As I'm sure many, many people out there have been waiting with bated breath to find out which books I chose off the "beach read" list, I'll finally end the suspense.
I began the trip with an audio book version of Barbara Delinsky's The Secret Between Us. I have enjoyed past novels of hers, including The Woman Next Door and Lake News. After beginning this novel, however, I felt unable to continue listening. The story seemed contrived -- a woman and her daughter hit a man on a rainy road, the man turns out to be the daughter's teacher, and the woman takes the blame to "save" her daughter. I never really got far enough to judge properly, but it does say something that I fell asleep during the first CD... Maybe I'll give it another try (but not very likely).
When I woke from my nap, I started reading Linwood Barclay's mystery/ suspense novel Too Close to Home. Again, a slightly contrived storyline (I won't give away the ending, but the plot evolution is far-fetched). This time, however, there were several redeeming qualities that kept my attention. The novel opens with an attention-grabbing triple murder. Initially written in third-person from the point of view of a teenage boy, Barclay then switches to first-person perspective in the voice of the boy's father. Jim and Ellen Cutter have had their share of problems -- extramarital affairs, fits of temper, job loss, teenage pranks from their son. Their lives get a lot more complicated -- and dangerous -- when their next-door neighbors are killed. Barclay develops the character of Jim Cutter in a way that makes the reader care about him. He also provides interesting subplots which intertwine with the main plot in a myriad of ways. The surprise ending -- however unbelievable -- is unexpected and creative.
NOT ON THE LIST: I also finished a novel I'd been reading off and on for several weeks, The Girl Who Stopped Swimming by Joshilyn Jackson. While I took issue with the undeveloped supernatural elements in the novel, Jackson's story of sisters with a difficult past and relationship is intricate and beautiful. Hailed as a modern southern gothic writer, Jackson describes Laurel and Thalia's ancestors' small town perfectly. The town of DeLop, Alabama, is realistic in its portrayal of the despair that exists in places with deep-seated poverty. Jackson juxtaposes trailer-ridden DeLop with Laurel's new suburban Florida town, rich with McMansions and gated communities. Laurel's newly found perfect existence is threatened when her preteen daughter's friend Molly drowns in their backyard pool. As Laurel searches for the truth behind what happened that night, the ghost of Molly appears to Laurel and brings all the ghosts of Laurel's past with her. Jackson writes the kind of novel I like best -- southern, female, and with a tortured protagonist thrown into the mix. While I'm not much for ghosts as characters in fiction, this novel shines nonetheless. Jackson also writes her own blog about life in the deep south called Faster Than Kudzu.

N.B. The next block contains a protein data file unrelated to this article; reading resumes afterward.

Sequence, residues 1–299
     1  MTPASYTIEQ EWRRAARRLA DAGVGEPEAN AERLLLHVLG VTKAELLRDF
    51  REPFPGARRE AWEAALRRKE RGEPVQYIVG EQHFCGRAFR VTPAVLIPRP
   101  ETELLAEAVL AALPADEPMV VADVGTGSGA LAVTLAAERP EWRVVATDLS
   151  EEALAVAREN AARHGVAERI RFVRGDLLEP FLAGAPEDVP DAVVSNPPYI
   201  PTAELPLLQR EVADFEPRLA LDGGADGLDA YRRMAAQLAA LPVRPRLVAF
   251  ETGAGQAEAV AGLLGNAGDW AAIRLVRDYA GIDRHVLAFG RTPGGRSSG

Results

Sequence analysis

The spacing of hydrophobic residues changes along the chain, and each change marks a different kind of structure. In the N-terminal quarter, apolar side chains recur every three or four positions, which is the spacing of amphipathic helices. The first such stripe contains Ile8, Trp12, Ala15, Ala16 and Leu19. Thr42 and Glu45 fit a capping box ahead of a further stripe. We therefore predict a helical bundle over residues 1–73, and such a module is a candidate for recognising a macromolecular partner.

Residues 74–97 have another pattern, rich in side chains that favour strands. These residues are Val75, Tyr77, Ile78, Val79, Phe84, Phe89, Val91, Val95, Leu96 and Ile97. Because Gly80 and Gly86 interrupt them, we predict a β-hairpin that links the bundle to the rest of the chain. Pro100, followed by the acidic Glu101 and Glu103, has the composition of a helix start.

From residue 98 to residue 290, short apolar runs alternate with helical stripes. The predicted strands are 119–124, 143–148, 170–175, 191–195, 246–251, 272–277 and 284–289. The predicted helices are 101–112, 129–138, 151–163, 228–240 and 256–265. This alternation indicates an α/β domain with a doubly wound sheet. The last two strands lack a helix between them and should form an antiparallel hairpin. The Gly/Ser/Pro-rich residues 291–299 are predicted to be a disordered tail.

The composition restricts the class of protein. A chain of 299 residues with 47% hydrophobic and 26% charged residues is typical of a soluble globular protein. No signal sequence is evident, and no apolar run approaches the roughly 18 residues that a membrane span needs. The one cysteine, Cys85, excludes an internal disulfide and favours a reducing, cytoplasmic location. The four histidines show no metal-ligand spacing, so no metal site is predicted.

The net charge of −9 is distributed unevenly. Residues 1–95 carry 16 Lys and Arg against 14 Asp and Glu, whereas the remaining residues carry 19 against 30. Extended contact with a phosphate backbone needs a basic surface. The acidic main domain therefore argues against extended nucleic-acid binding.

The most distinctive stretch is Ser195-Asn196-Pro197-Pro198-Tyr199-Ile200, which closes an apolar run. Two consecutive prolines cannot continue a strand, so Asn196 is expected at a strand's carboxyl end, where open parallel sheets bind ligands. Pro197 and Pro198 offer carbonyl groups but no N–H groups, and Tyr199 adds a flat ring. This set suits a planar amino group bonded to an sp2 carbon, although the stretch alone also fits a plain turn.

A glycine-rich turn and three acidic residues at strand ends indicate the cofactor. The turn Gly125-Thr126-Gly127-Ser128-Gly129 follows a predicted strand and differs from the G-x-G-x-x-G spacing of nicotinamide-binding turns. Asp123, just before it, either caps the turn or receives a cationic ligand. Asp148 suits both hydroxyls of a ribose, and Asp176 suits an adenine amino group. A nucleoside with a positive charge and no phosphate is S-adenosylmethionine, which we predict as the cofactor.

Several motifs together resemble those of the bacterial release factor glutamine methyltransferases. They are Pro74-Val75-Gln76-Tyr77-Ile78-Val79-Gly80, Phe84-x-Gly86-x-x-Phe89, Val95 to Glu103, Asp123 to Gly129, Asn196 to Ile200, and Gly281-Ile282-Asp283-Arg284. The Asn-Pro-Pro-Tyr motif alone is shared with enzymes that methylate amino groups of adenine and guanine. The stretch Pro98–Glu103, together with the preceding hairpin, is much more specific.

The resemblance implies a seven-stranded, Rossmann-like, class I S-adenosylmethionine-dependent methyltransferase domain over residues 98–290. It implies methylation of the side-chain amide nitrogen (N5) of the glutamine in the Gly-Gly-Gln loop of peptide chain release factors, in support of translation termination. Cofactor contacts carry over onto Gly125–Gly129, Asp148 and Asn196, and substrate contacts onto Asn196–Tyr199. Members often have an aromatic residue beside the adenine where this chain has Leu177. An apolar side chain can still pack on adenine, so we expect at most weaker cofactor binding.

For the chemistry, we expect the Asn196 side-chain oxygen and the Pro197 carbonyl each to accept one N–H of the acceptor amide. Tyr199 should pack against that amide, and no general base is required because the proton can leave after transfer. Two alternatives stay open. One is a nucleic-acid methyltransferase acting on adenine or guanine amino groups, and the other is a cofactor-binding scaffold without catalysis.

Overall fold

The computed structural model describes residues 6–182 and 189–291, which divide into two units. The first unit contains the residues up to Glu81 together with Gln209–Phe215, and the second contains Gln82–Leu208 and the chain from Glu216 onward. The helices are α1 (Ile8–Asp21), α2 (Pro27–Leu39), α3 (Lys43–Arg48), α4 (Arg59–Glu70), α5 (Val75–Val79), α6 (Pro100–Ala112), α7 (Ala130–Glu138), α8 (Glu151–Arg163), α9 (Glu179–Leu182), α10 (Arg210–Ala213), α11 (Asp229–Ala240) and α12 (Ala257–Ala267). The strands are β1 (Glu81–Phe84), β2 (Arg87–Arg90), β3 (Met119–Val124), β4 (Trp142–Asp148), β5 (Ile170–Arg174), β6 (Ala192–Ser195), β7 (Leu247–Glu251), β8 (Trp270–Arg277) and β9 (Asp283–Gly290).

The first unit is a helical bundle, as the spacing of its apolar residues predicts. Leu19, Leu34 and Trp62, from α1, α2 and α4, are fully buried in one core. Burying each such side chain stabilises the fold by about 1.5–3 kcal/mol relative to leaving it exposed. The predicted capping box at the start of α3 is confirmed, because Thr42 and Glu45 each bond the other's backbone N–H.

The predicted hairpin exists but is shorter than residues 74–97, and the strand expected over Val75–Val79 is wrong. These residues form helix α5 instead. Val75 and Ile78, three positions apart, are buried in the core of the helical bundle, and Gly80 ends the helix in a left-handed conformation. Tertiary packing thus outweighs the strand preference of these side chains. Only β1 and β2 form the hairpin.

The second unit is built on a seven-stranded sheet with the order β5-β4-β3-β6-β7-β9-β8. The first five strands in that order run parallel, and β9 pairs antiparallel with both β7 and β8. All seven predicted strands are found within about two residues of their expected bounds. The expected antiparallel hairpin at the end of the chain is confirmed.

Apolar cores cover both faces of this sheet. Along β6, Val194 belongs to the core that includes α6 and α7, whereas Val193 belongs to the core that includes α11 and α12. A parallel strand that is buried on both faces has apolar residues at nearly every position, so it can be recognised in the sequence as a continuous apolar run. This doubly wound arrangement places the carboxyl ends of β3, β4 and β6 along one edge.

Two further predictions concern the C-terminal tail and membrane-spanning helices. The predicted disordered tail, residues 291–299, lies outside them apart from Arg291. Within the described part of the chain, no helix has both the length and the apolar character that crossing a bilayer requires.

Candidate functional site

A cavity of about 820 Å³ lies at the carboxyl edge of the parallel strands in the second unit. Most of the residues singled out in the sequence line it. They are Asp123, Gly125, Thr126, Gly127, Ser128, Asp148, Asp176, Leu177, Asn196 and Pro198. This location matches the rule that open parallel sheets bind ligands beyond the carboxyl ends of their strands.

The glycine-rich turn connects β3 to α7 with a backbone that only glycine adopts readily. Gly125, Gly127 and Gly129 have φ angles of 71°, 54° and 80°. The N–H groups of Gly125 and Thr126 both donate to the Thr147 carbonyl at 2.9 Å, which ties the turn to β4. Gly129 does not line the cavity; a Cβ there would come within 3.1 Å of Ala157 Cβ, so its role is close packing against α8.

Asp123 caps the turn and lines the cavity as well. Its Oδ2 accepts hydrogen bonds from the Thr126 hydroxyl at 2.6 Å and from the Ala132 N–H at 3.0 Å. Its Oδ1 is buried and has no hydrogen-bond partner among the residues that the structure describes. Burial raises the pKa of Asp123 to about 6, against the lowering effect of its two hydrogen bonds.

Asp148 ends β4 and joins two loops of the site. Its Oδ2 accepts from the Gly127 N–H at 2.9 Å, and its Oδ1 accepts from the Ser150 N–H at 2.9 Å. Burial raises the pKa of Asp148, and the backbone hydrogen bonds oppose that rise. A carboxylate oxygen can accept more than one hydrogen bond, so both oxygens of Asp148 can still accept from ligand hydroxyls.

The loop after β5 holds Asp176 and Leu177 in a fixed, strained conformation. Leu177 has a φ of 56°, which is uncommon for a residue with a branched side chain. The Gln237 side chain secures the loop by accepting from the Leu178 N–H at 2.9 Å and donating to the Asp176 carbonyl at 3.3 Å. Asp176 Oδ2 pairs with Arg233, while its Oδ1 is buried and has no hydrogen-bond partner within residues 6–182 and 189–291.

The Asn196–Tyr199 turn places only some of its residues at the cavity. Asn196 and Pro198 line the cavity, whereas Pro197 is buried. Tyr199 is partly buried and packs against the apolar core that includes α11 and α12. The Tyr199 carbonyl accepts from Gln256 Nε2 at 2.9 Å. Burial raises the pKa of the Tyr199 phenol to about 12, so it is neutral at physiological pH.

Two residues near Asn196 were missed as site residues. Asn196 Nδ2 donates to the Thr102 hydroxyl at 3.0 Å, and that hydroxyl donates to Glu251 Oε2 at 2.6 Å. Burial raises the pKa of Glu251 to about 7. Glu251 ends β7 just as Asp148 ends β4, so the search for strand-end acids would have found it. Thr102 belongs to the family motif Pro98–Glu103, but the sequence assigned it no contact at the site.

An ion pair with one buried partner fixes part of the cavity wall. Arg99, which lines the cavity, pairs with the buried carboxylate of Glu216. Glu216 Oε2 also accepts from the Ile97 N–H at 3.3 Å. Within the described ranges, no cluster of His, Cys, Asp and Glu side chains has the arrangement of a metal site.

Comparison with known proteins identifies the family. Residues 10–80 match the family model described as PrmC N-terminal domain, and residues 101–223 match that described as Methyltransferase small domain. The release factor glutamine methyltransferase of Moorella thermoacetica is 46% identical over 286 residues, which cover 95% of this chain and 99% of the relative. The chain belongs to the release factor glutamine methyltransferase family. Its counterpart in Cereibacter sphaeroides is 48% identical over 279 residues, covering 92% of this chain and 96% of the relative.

My nonfiction pick for the week read like a novel, but told the real-life story of Leslie Morgan Steiner and her first marriage. Steiner's memoir Crazy Love tells the events leading up to her first marriage and the warning signs she should have seen that the person she was walking down the aisle towards would almost kill her one day. Steiner, a successful business executive and mommy-blogger, details being choked, pushed down stairs, and having a gun held to her head. Coming from a wealthy family and being a Harvard graduate, Steiner breaks the stereotype that all battered wives are uneducated and living in trailer parks. She pleads with readers through her story to have hope if they are living in the same hell she experienced, or to understand if they know someone who is. She talks about turning away from people at cocktail parties who discuss domestic violence as if it were the woman's problem. Why, they ask, doesn't the beaten woman just leave? Steiner attempts in her memoir to help outsiders understand the difficulty in breaking the cycle. Steiner was interviewed about her book on NPR's All Things Considered. The interview provides information on everything from her family's reaction to Steiner's opinion on Chris Brown and Rihanna's tumultuous relationship.
I began Dean Koontz's The House of Thunder on the way home and I've hardly been able to put it down. I even packed it in my work bag this morning with the hope that I might have a moment at lunch to peek at what happens next. That didn't happen, but I'll return to it as soon as I finish this post (well, it and DVR-ed episodes of Project Runway). I never knew that Koontz wrote such scary novels, but (in this one, at least) he does. This is my first Koontz read, and while the plot has my attention, he isn't the best writer out there. Plot drives a novel, though, and Koontz definitely has that wrapped around his finger. Full review when I complete it!